UK sees 53% spike in homelessness of some vulnerable groups, US also rising
Omar Elwafaii

Homelessness is on the rise in many of the world’s most developed countries. In the UK, the rate of homelessness has risen 53% among some of the most vulnerable groups. The U.S has also seen a steady rise over the last three years. The number of people who don’t have a place to call home in less than developed nations is much higher, but the definition of homelessness isn’t consistent among different nations, so a proper comparison is difficult to make.

In the U.S., the rise in the number of homeless has been led by soaring housing costs in California and offset by a decline in 29 states and the District of Columbia. The Department of Housing and Urban Development (HUD) recently announced that a spike of over 21,000 new homeless people in America’s most populated state, California, is at a “crisis level”.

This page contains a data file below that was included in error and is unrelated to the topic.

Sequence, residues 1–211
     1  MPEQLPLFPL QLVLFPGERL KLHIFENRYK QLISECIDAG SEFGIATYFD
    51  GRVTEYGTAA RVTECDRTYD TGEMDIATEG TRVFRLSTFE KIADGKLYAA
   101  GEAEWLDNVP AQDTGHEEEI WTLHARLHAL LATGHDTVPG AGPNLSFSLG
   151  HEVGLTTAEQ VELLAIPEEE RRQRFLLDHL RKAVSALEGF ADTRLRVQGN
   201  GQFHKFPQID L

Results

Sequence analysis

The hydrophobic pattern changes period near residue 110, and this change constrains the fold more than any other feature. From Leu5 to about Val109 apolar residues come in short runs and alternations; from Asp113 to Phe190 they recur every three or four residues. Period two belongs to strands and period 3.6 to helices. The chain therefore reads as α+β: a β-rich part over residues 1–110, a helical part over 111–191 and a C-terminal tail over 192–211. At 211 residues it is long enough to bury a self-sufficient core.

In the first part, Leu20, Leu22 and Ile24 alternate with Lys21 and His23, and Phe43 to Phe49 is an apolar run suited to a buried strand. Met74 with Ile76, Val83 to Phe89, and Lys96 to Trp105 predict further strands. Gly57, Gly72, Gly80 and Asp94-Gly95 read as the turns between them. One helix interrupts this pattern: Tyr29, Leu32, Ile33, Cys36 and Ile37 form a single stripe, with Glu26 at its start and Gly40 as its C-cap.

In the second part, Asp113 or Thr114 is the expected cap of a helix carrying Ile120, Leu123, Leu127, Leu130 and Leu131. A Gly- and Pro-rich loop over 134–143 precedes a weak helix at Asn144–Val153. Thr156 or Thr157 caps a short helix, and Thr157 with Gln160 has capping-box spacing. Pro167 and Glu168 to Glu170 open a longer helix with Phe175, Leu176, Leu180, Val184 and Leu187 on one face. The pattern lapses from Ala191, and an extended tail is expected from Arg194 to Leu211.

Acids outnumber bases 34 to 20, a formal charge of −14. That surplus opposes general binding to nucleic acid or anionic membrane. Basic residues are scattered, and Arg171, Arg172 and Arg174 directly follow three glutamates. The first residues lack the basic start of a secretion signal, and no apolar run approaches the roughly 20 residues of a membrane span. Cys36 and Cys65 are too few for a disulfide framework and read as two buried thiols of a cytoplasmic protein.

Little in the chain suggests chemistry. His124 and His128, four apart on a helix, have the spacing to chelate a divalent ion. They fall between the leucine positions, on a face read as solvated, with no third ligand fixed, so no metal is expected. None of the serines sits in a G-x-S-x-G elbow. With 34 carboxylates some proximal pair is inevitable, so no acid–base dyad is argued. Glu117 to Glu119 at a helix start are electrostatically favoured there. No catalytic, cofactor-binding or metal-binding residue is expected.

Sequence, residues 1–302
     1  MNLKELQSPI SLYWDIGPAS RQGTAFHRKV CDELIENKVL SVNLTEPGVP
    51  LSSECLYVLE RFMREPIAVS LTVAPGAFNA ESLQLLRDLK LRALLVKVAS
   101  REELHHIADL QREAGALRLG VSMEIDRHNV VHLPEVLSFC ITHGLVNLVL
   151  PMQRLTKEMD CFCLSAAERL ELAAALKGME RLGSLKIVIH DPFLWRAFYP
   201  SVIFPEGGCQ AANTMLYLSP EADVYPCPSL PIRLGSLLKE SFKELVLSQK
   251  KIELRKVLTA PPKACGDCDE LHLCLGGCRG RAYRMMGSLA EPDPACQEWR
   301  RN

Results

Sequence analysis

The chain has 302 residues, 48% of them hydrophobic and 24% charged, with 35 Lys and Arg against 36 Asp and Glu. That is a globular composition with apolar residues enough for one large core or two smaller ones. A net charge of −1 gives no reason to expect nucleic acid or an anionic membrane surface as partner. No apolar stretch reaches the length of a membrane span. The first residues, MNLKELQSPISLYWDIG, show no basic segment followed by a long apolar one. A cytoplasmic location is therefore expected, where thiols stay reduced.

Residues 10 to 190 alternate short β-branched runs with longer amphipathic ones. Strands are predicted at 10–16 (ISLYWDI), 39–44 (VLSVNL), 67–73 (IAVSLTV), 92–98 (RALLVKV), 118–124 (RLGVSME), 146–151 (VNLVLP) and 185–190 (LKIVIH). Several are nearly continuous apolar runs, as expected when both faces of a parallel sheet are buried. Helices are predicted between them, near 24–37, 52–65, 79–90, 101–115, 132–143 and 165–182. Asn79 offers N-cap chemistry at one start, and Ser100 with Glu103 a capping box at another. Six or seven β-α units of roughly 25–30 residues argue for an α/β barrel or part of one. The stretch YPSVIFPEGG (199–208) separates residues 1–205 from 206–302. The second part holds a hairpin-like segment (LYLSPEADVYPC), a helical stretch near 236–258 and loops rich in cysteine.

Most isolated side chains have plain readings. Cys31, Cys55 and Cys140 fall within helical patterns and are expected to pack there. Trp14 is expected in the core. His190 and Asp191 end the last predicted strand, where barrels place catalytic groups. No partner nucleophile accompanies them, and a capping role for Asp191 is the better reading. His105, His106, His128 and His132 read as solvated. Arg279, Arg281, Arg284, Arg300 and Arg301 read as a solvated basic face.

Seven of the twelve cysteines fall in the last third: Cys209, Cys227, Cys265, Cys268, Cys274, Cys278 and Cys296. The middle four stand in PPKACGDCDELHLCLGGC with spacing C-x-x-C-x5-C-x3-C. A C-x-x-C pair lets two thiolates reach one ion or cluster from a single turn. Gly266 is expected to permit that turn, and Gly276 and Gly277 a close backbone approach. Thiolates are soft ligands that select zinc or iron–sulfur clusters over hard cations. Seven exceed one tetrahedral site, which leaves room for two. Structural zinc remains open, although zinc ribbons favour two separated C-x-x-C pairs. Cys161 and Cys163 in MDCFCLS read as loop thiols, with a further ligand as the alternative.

The current average home price in California is $589,770, a 6.4% increase over last year. The soaring prices are blamed on the lack of affordable housing, something analysts say isn’t going to be resolved anytime soon. All this, while California is experiencing a record low 4.0% unemployment rate.

In the U.K., the number of ill and disabled people becoming homeless has risen 53% since last year. Public officials blame inadequate funding for social programs and rent increases.

Current homeless figures from underdeveloped countries are harder to come by. After Hurricane Ivan devastated the island of Grenada in 2004, the number of people without a home surged over 56%. In 2013, Egypt’s homeless was slightly over 18%. The largest number of homeless people in Europe live in Ukraine, where 2015 figures put the number squarely at one million.